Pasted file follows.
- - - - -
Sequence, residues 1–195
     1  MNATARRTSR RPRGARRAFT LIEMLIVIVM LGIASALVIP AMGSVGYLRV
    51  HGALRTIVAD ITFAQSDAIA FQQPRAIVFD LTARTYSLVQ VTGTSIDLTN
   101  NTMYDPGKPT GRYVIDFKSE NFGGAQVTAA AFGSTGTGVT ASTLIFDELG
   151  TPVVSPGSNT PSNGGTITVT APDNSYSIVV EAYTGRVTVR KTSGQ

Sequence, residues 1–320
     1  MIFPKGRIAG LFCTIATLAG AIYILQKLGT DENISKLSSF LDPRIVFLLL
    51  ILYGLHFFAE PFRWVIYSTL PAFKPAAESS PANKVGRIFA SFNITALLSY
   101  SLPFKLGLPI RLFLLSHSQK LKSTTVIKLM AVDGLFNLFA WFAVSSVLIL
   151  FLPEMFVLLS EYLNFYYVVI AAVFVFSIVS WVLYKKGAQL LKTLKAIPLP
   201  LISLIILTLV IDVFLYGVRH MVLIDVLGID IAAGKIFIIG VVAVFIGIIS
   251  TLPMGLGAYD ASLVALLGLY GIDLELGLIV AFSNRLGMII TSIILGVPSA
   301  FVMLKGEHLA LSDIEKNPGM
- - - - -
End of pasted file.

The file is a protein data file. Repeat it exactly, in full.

Sequence, residues 1–195
     1  MNATARRTSR RPRGARRAFT LIEMLIVIVM LGIASALVIP AMGSVGYLRV
    51  HGALRTIVAD ITFAQSDAIA FQQPRAIVFD LTARTYSLVQ VTGTSIDLTN
   101  NTMYDPGKPT GRYVIDFKSE NFGGAQVTAA AFGSTGTGVT ASTLIFDELG
   151  TPVVSPGSNT PSNGGTITVT APDNSYSIVV EAYTGRVTVR KTSGQ

Sequence, residues 1–320
     1  MIFPKGRIAG LFCTIATLAG AIYILQKLGT DENISKLSSF LDPRIVFLLL
    51  ILYGLHFFAE PFRWVIYSTL PAFKPAAESS PANKVGRIFA SFNITALLSY
   101  SLPFKLGLPI RLFLLSHSQK LKSTTVIKLM AVDGLFNLFA WFAVSSVLIL
   151  FLPEMFVLLS EYLNFYYVVI AAVFVFSIVS WVLYKKGAQL LKTLKAIPLP
   201  LISLIILTLV IDVFLYGVRH MVLIDVLGID IAAGKIFIIG VVAVFIGIIS
   251  TLPMGLGAYD ASLVALLGLY GIDLELGLIV AFSNRLGMII TSIILGVPSA
   301  FVMLKGEHLA LSDIEKNPGM